CWAC Service Dress Uniform – 1st Canadian Army
Very nice WW2 Canadian Women’s Army Corps (CWAC) service dress uniform. The jacket is in good used condition, fitted with its original makers label Sterling Cloak Co. Ltd. from Winnipeg, dated 1943 in size 6. C broad arrow stamped. Original wartime badged with 1st Canadian Army embroidered patches, CANADA embroidered shoulder titles, brown epaulets closed with a small helmeted Athena buttons with CWAC, three service years stripes and a Canadian Volunteer Service Medal (CVSM) ribbon. Nice collar badges and closing buttons with Althena and CWAC. The skirt is in the same good used condition as found together with the jacket, also fitted with makers label Sterling Cloak Co. Ltd. from Winnipeg, dated 1942 in size 6.
The Canadian Women’s Army Corps (CWAC) was authorized on August 13, 1941, in response to a shortage of personnel caused by male involvement in the armed forces. The creation of the unit was the work of Mrs. Joan Kennedy, who faced opposition from conventional male military authorities. In 1941, the organization was named the Canadian Women’s Auxiliary Corps but was not officially part of the armed forces. On March 13, 1942, the women volunteers were officially integrated into the Canadian Army and became the Canadian Women’s Army Corps. They wore a regulation uniform and a cap badge consisting of three maple leaves and a collar badge representing the goddess Athena.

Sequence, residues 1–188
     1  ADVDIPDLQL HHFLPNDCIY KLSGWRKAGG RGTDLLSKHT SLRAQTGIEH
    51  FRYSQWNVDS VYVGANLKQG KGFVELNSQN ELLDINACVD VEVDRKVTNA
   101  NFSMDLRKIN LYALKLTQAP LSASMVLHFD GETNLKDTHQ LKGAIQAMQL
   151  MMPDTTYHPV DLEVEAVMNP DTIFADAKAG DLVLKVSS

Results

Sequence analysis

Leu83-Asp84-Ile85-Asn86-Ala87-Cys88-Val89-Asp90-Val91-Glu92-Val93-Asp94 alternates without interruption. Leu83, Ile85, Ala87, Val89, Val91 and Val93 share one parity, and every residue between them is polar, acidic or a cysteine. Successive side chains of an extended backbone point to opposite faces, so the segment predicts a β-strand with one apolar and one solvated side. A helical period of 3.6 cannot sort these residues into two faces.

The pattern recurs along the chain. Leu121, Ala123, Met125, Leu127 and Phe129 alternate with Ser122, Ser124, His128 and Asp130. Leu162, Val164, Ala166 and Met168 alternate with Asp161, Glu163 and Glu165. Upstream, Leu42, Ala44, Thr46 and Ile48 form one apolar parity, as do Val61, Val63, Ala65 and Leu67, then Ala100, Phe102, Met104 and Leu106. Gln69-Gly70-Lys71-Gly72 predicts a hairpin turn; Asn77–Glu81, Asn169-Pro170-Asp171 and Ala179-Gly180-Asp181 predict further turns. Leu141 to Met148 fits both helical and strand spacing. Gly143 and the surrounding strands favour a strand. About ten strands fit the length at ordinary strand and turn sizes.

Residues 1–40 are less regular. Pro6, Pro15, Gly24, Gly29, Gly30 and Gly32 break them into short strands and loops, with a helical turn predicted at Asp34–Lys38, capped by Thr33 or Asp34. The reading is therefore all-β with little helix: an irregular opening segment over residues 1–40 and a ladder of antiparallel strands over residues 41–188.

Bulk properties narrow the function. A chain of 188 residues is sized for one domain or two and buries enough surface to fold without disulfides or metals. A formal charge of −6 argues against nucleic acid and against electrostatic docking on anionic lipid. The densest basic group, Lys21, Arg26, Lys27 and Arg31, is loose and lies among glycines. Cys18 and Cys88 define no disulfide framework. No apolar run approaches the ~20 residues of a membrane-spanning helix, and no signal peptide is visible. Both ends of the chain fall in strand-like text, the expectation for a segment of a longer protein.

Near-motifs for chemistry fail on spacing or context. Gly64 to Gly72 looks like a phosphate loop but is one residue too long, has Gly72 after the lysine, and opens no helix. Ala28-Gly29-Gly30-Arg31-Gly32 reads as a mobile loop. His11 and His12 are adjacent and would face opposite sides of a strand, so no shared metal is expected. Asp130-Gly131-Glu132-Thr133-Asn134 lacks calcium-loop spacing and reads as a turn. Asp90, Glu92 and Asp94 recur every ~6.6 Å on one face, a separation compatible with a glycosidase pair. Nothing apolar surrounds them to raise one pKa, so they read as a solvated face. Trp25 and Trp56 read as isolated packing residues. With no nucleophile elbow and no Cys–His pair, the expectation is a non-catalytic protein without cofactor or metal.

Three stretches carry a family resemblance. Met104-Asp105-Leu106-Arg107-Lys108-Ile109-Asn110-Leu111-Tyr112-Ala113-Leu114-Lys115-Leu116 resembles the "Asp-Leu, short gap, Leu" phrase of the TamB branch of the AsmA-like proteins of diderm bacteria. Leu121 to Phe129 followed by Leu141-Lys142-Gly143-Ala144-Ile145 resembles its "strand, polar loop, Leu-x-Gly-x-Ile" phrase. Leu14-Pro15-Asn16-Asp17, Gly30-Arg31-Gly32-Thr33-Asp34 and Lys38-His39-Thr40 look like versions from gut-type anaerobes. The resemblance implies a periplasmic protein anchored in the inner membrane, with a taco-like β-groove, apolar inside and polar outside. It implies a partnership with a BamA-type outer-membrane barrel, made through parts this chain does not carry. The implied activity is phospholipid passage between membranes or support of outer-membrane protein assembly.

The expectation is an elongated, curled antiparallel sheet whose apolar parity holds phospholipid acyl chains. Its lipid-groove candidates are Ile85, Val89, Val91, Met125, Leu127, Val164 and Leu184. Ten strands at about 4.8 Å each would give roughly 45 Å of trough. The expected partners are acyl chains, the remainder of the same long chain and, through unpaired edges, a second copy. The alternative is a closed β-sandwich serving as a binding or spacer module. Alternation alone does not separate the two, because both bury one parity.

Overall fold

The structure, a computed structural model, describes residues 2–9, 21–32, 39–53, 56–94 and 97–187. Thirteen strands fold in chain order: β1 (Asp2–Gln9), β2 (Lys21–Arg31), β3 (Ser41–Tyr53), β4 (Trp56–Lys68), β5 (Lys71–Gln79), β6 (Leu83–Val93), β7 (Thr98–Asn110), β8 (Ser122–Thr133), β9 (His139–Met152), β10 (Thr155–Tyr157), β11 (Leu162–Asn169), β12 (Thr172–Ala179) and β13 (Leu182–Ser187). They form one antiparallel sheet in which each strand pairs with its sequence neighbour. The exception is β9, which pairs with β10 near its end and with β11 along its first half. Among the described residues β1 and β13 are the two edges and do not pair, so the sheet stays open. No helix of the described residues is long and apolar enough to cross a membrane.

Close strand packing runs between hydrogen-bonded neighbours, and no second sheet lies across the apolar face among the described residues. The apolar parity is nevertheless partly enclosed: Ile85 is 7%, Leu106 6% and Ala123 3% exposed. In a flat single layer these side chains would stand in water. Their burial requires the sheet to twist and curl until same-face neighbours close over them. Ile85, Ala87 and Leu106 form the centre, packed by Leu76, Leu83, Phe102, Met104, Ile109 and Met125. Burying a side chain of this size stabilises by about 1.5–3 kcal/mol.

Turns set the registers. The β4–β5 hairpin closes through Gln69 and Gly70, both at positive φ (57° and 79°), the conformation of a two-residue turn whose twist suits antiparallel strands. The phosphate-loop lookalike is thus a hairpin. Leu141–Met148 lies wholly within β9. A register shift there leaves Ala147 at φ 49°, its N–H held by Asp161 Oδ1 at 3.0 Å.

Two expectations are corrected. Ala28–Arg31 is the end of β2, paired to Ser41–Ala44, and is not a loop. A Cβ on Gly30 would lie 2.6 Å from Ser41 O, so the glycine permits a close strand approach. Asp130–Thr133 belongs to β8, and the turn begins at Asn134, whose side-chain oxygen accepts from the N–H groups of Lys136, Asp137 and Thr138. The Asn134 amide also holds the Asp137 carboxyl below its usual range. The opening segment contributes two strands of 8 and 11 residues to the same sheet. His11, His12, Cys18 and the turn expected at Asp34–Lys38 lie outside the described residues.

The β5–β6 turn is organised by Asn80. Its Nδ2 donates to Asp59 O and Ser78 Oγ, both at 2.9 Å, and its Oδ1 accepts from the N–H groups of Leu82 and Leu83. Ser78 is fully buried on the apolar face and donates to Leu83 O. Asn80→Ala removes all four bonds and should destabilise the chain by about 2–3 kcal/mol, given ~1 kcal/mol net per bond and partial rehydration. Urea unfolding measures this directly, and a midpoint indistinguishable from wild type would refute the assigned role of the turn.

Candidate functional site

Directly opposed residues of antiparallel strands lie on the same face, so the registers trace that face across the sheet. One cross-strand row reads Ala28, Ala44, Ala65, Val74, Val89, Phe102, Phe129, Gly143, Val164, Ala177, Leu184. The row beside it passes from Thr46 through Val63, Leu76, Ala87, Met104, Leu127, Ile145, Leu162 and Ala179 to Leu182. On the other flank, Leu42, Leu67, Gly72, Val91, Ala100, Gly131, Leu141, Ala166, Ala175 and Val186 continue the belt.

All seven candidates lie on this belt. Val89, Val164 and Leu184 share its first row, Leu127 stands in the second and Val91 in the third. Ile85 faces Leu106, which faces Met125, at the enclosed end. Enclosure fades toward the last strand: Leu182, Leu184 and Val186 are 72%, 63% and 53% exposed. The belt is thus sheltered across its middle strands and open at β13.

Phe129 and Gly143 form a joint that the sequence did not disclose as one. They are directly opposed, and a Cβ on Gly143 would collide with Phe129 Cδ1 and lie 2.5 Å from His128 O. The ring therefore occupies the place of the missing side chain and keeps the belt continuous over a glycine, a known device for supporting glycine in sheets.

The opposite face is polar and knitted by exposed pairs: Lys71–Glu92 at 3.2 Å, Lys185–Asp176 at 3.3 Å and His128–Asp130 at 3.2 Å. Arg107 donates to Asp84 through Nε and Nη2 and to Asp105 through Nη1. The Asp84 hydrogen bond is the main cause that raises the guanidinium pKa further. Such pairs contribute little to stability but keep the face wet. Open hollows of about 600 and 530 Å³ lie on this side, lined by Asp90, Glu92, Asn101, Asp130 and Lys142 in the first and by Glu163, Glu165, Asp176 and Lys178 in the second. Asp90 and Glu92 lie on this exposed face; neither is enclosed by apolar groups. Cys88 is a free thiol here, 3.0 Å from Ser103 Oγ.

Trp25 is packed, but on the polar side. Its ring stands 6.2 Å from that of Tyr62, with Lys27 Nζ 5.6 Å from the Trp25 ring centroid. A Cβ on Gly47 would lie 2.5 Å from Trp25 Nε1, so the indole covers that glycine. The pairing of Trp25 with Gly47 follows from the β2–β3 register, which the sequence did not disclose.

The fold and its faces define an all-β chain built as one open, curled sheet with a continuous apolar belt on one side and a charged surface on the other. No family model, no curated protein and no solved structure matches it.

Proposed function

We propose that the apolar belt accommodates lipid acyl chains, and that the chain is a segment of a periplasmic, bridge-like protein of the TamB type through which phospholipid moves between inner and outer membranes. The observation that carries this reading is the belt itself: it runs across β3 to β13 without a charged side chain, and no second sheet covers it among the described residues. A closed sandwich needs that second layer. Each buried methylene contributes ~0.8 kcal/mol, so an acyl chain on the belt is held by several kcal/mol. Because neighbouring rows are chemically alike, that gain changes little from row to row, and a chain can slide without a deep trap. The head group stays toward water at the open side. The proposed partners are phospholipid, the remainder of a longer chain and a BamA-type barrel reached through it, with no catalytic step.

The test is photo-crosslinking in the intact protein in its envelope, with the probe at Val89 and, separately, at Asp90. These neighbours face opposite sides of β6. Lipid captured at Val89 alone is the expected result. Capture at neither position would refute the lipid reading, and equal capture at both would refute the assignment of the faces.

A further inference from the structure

The CWACs served overseas, first in 1942 in Washington, D.C., and then in the United Kingdom. In 1944, CWAC’s also served in Italy and in 1945 in northwestern Europe. After victory in Europe, some served with the Canadian occupation forces in Germany. Approximately 3,000 Canadian volunteers enlisted to serve their country’s forces.
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